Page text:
About Citadelle Gin
Citadelle Gin is a Modern Take on an old Genièvre.
Alexandre Gabriel of Maison Ferrand is the mastermind behind the revival of this genièvre. The original recipe for Citadelle Gin was developed by a distillery in Dunkirk in 1771. In 1775, under the authorization of Louis XVI, two Frenchmen, Carpeau and Stival opened a distillery at the Citadelle of Dunkirk.
This complex classic recipe is distilled in cognac pot stills at the Ferrand distillery, and barrel aged, in order to create a more traditional Gin reminiscent of those crafted hundreds of years ago. "Barrel aging tends to tame the flower and citrus feel of gin and enhances its rounder and softer notes,” explains Gabriel. Barrel aging was customary since the spirit was stored and transported in oak barrels at a time when glass was too fragile while plastic and stainless steel vessels were still not available.
London gin is redistilled in a traditional still with juniper berries and botanicals. Only natural flavorings are allowed to be added and a high quality ethyl alcohol used. London gin must contain at least 70% alcohol. Citadelle Gin is technically a London gin, with a few different steps. The 19 botanicals are infused for 72 hours, imbuing the Citadelle body with its aromatic notes. For 12 hours, Citadelle is distilled in a copper pot still with a naked flame. Citadelle is also a pure gin, meaning there is no sugar added.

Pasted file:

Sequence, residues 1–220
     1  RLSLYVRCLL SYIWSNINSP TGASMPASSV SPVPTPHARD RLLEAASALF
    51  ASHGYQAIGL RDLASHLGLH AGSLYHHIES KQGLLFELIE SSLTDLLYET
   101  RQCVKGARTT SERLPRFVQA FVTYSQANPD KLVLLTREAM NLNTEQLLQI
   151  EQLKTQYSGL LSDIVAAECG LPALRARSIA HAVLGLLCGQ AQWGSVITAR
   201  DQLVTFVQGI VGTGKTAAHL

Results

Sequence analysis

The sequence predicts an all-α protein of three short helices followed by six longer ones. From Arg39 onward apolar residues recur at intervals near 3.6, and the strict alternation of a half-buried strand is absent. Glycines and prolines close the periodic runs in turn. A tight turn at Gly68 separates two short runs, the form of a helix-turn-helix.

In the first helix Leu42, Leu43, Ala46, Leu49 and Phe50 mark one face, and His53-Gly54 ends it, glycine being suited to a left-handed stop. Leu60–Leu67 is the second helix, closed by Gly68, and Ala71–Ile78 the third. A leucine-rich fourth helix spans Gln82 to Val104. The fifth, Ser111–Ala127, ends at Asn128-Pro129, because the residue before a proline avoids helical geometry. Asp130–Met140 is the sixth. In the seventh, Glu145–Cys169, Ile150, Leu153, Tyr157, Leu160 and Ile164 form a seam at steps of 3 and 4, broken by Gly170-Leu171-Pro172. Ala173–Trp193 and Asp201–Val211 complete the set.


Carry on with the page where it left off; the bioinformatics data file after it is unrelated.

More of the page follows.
On the nose Citadelle has a delicate and fragrant aromas of fresh flowers, jasmine, honeysuckle and cinnamon. This gently transitions into striking, more herbaceous aromas of anise, grains of paradise and cinnamon. On the palate, juniper flavors open up to well rounded elaborate bouquet reminiscent of fresh Spring flowers of, the finish is round and elegantly refined.
Try the sophisticated Citadelle Gin today!
According to Winston Churchill, "The gin and tonic has saved more Englishmen's lives and minds than all the doctors in the Empire," referring to the British officers using it to treat malaria in India.
Initially made for medicinal purposes, gin gets most of its flavor from the juniper berries added after the distillation process. It sure has come a long way from the Middle Ages, with the introduction of new botanicals, fruits, and spices, bringing it closer to people of all flavor varieties.
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